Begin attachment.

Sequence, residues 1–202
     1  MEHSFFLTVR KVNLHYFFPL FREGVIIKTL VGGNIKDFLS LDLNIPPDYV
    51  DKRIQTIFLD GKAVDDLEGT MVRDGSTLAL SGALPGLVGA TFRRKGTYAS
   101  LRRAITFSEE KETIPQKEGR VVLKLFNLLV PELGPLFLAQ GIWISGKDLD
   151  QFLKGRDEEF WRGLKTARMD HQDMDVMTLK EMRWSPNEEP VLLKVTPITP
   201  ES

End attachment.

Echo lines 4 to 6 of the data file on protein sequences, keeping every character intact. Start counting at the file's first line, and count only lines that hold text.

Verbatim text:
   101  LRRAITFSEE KETIPQKEGR VVLKLFNLLV PELGPLFLAQ GIWISGKDLD
   151  QFLKGRDEEF WRGLKTARMD HQDMDVMTLK EMRWSPNEEP VLLKVTPITP
   201  ES